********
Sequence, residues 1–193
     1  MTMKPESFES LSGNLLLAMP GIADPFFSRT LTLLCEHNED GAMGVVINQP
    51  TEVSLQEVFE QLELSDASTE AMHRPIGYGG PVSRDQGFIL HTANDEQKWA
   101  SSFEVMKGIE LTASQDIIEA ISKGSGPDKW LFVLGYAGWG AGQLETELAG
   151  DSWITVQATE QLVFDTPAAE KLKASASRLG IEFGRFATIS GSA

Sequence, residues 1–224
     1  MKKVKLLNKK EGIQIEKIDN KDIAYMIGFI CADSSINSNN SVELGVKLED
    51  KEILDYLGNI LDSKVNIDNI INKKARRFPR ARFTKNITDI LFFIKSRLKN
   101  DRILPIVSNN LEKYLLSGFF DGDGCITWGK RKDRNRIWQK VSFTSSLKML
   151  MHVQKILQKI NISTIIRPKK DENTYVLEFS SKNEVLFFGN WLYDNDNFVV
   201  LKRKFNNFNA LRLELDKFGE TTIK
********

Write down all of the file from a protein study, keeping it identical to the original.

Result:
Sequence, residues 1–193
     1  MTMKPESFES LSGNLLLAMP GIADPFFSRT LTLLCEHNED GAMGVVINQP
    51  TEVSLQEVFE QLELSDASTE AMHRPIGYGG PVSRDQGFIL HTANDEQKWA
   101  SSFEVMKGIE LTASQDIIEA ISKGSGPDKW LFVLGYAGWG AGQLETELAG
   151  DSWITVQATE QLVFDTPAAE KLKASASRLG IEFGRFATIS GSA

Sequence, residues 1–224
     1  MKKVKLLNKK EGIQIEKIDN KDIAYMIGFI CADSSINSNN SVELGVKLED
    51  KEILDYLGNI LDSKVNIDNI INKKARRFPR ARFTKNITDI LFFIKSRLKN
   101  DRILPIVSNN LEKYLLSGFF DGDGCITWGK RKDRNRIWQK VSFTSSLKML
   151  MHVQKILQKI NISTIIRPKK DENTYVLEFS SKNEVLFFGN WLYDNDNFVV
   201  LKRKFNNFNA LRLELDKFGE TTIK